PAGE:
While apparently conceding that the anonymous tip alone was insufficient to justify a Terry stop, the State maintains that there were sufficient corroborating facts to justify the stop. In particular, the State relies on the testimony of Detective Smith that he knew defendant, knew where defendant lived, knew what vehicle he drove, and knew that defendant was a gang member and had been present on a previous occasion where there had been a report of shots being fired and a gun found. The facts that Detective Smith knew defendant was a gang member and had been present on a prior occasion where shots were fired and a gun was found do not corroborate the anonymous information that he possessed a gun at the time he was stopped, although, were Smith legally justified to make the stop, this information would tend to provide reason to believe defendant may be armed thereby justifying a limited weapons search to protect himself. (See Adams v. Williams (1972), 407 U.S. 143, 146, 32 L. Ed. 2d 612, 617, 92 S. Ct. 1921 1923.) Nor do the facts that Smith knew defendant and his address and that the vehicle he was driving was the same as that described by the anonymous informant provide sufficient corroboration of the reliability of the anonymous information to justify a stop. There was no testimony that Smith viewed any suspicious conduct which might corroborate the anonymous tip. (See, e.g., Village of Gurnee v. Gross (1988), 174 Ill. App. 3d 66, 70-71, 528 N.E.2d 411.) Further, there are no other facts argued which might buttress the reasonableness of the belief that an immediate stop was necessary. See People v. Smithers (1980), 83 Ill. 2d 430, 438, 415 N.E.2d 327.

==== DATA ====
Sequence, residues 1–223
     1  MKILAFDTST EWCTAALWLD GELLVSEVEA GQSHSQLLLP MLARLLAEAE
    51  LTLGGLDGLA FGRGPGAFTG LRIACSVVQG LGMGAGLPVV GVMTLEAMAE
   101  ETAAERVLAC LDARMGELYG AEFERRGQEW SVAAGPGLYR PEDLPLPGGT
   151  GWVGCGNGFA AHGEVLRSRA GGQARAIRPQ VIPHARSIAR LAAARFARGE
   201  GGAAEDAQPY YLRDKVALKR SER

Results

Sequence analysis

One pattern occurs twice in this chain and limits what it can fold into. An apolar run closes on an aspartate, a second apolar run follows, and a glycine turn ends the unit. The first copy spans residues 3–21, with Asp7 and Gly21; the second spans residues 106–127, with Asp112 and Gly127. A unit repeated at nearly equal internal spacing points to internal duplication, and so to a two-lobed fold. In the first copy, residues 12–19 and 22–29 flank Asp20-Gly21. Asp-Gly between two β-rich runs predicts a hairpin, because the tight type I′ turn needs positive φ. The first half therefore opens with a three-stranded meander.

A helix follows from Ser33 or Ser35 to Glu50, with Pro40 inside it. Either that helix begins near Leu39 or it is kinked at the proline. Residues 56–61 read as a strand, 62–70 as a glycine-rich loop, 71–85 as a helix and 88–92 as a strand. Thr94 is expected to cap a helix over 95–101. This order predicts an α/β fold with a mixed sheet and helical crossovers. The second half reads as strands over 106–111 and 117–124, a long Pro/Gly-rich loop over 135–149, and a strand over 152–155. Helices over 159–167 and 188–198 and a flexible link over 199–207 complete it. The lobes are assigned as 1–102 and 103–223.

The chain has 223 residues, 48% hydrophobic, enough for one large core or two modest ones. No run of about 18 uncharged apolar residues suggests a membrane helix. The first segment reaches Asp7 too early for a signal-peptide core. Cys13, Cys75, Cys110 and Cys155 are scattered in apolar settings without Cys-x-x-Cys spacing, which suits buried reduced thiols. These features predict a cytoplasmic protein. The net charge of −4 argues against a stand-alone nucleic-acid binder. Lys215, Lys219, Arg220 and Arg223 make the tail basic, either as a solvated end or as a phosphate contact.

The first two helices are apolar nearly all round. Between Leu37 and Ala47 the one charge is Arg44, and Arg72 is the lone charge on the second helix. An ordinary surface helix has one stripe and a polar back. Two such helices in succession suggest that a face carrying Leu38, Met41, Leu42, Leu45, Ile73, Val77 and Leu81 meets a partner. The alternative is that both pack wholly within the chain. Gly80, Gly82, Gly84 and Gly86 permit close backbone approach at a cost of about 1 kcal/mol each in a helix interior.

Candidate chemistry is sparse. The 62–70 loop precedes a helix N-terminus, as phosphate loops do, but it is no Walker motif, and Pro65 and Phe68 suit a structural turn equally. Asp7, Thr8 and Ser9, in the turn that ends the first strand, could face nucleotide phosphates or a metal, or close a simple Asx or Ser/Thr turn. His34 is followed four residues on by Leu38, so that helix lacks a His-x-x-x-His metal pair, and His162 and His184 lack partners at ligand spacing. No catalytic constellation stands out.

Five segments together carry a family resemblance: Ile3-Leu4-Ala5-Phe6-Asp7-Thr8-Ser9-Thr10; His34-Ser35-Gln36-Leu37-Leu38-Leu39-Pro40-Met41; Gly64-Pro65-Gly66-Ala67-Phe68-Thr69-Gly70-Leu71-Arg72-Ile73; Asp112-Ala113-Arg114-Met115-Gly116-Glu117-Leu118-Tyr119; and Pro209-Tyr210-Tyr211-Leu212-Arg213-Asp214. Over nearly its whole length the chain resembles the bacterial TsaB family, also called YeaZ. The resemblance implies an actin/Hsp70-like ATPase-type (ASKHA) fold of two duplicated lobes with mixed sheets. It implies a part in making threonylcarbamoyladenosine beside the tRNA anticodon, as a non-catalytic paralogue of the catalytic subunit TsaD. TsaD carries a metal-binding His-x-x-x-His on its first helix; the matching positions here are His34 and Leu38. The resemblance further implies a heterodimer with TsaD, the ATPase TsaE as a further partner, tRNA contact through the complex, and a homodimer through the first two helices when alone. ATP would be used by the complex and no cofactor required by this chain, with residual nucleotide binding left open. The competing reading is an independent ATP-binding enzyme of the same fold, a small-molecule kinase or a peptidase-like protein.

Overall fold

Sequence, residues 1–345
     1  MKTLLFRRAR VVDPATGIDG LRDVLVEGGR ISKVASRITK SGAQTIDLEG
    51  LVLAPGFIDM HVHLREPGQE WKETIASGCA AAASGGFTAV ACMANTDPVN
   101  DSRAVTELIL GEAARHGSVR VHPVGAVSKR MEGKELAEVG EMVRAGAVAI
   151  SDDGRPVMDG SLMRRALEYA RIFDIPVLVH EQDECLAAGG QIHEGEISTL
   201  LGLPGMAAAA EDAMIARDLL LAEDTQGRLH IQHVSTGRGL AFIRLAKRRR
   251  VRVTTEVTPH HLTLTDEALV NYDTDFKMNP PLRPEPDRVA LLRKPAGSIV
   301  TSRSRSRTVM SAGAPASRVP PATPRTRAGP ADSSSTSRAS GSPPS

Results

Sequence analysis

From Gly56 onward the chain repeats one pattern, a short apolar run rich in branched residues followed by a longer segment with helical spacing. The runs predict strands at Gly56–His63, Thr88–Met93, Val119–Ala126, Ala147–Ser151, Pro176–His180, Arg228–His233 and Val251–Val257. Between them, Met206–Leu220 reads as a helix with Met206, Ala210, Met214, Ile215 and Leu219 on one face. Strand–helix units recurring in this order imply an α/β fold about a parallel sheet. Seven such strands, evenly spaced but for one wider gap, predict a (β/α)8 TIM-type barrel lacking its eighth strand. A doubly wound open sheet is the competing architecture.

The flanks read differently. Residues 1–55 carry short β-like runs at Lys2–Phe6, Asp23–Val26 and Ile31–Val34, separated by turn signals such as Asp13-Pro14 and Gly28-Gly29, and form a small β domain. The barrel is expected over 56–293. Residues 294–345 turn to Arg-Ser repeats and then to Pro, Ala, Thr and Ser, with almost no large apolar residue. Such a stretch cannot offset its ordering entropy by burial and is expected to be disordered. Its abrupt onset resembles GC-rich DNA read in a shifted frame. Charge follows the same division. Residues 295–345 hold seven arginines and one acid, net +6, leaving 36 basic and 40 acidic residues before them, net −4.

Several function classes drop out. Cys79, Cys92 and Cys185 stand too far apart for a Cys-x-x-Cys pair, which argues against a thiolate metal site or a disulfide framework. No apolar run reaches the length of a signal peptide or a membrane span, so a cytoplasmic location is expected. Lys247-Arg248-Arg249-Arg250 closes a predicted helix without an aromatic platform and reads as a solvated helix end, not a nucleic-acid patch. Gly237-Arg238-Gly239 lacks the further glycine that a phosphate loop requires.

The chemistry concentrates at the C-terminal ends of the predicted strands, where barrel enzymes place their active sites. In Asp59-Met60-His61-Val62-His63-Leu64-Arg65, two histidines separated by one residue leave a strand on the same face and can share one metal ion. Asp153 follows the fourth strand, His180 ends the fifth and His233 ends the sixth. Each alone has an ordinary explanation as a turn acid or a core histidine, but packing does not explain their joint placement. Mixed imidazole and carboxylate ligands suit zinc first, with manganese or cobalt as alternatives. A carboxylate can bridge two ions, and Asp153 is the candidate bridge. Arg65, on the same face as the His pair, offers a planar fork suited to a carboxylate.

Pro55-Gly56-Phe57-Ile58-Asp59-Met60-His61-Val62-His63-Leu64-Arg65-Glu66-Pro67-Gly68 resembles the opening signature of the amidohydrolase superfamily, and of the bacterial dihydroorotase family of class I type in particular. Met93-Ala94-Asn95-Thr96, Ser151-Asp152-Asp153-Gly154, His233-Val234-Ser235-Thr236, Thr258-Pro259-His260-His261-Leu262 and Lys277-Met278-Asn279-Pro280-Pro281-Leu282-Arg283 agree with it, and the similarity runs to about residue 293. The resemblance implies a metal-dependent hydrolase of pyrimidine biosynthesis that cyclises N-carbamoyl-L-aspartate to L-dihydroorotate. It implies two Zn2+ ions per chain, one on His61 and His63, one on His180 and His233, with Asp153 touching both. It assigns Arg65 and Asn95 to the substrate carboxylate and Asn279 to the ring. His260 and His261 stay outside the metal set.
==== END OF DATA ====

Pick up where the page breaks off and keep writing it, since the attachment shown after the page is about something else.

Based upon the above analysis of the stop of defendant, the denial of the motion to suppress evidence was manifestly erroneous. We, therefore, need not examine whether the subsequent searches of defendant and his vehicle were also unreasonable. The defendant's conviction is reversed, and the cause is remanded for a new trial with directions that the motion to suppress evidence be granted.

Reversed and remanded with directions.


Reversed and remanded with directions.